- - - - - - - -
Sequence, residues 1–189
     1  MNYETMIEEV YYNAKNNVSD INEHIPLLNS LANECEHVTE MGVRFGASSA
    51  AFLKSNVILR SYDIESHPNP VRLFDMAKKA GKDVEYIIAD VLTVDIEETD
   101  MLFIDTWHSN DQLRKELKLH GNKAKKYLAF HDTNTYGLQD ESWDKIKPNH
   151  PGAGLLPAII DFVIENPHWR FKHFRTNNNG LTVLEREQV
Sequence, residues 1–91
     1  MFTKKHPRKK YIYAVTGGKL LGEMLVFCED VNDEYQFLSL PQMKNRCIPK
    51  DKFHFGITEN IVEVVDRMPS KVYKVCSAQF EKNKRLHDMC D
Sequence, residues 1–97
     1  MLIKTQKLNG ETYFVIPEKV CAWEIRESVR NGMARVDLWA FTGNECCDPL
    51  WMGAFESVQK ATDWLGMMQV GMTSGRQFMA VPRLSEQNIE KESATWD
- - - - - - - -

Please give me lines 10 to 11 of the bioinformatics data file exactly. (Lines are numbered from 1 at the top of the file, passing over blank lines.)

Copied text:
     1  MLIKTQKLNG ETYFVIPEKV CAWEIRESVR NGMARVDLWA FTGNECCDPL
    51  WMGAFESVQK ATDWLGMMQV GMTSGRQFMA VPRLSEQNIE KESATWD